Should you respond to that juicy RFP? | Proposify

Should you respond to that juicy RFP?

In my opinion and based on years of experience, I feel the RFP system is not built for freelancers or small agencies. But if you must get involved in RFP responses, I'm sharing my tips for keeping your sanity intact.

4 min. read

RFPs are like a colonoscopy: Someone you don’t even know gets to inspect you from the inside out. Sorry, I prefer to have dinner first.
- Ian Lurie

As agency veterans ourselves, we created Proposify to alleviate probably the biggest pain point within any agency: proposal writing. Responding to an RFP brings proposal writing pain to a whole new level.

When Kyle and I first started our agency many years ago, we made sure we were on all the tender lists, spending hundreds of dollars a month on sites like MERX.

As the business development partner, I was always striving to ‘fill the funnel’ and while there are dozens of ways to generate quality leads, I felt responding to RFPs was a great way to generate business.

I felt confident we could win at least one deal a month to more than justify the expense. Here’s the truth: we never won a single project responding to an RFP through MERX or any other tender sites.

After our first year, we continued our growth by being proactive in developing the business in other ways (which I will explain in a future post). After wasting money on tender sites, we drew a line in the sand and decided to only respond to RFPs that fell into one of two categories:

  1. RFPs we were specifically invited to respond to.
  2. Local RFPs that were a perfect match to our skillset (and even then we were often hesitant).

In my opinion and based on years of experience, I feel the RFP system is not built for freelancers or small agencies. It only benefits big companies and government institutions. For many industries, responding to and winning RFPs is mission-critical.

Avi Dan contributed a post last February entitled, Why the RFP is a Waste of Time. The article speaks to the creators of RFPs, the organizations looking to contract agencies. Mr. Dan says:

“The RFP as we know it is an inferior tool for evaluating agencies. It’s obsolete. It might give a rough idea of an agency’s past accomplishments, and these can inform somewhat of what’s ahead. However, you’re not hiring an agency’s past, you’re hiring its future.”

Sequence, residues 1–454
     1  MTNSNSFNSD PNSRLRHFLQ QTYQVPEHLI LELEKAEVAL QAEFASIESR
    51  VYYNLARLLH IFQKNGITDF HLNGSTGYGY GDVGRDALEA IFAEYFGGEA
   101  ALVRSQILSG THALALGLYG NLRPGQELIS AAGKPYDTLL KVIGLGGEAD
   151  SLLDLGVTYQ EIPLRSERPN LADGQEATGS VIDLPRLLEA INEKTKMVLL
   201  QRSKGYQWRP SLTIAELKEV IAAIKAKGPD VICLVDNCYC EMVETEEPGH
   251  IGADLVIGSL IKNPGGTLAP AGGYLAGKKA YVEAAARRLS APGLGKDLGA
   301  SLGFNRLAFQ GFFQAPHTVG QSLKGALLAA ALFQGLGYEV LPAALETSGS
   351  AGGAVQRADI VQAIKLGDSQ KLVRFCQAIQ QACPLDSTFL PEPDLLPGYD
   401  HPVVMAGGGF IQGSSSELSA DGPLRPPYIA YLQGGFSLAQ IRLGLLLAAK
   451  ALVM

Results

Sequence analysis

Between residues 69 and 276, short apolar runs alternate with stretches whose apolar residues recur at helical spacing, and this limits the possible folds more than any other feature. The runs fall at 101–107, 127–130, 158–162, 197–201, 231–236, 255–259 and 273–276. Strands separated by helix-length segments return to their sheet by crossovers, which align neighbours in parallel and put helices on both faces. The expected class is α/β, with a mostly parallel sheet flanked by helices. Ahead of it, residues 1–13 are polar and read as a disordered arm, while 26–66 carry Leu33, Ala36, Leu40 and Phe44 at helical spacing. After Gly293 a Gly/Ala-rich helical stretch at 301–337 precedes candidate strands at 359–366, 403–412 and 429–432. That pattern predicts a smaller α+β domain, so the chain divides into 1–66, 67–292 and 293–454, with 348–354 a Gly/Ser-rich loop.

My tips for surviving the RFP process

Don’t let the blind lead the blind.

Ignore the blind RFP, the one that arrives unsolicited without any way to connect with the stakeholders. Your goal in developing new business should be to establish long-lasting, meaningful relationships. Having actual conversations is the only way to determine if you and your prospective client are a good fit for each other.

Don’t ask, “How low can we go?”

If an RFP specifically states that the decision will be based on the lowest bid, STAY AWAY! We used to get calls from companies whose websites were either never finished or collapsed by originally hiring agencies that provided the cheapest solution. Those agencies probably bid super low to win the job then ended up realizing just how much money they were losing trying to live up to unrealistic expectations.

Don’t take the bait.

Try to sniff out the RFPs that are really just fishing expeditions. Some organizations have no intention of awarding a contract and are only using an RFP as a vehicle to satisfy a legal requirement or just gather intel on the industry. These RFPs are huge time (and money!) wasters and will leave you feeling used and abused.

Don’t fudge the budget.

RFPs can play coy when it comes to budget. Back to point #1 and #2, if the budget is not included in the RFP, and the potential client is not willing to have a conversation to discuss even a budget range, don’t bother responding. Without knowing even a range, you will either shoot too high to cover your ass for the inevitable scope creep, or you will come in too low and lose money.

As an agency, time is your biggest asset. You have to track both production time and customer acquisition costs, which basically boils down to ‘time is money’. Unsolicited RFPs can be time suckers, and as we all know the best business leads come from personal referrals and repeat business from existing clients.

I will leave you with this warning: If you do get an RFP from an existing client, it means you made a mistake by missing an opportunity to proactively help your client and create value. The bottom line is you are late to the party. Usually, once they publish an RFP, they are 50-70% through their buying process and you’ll have to re-win their trust.

Make sure you are nurturing your relationships so that you’re on the inside track when it comes to new business.

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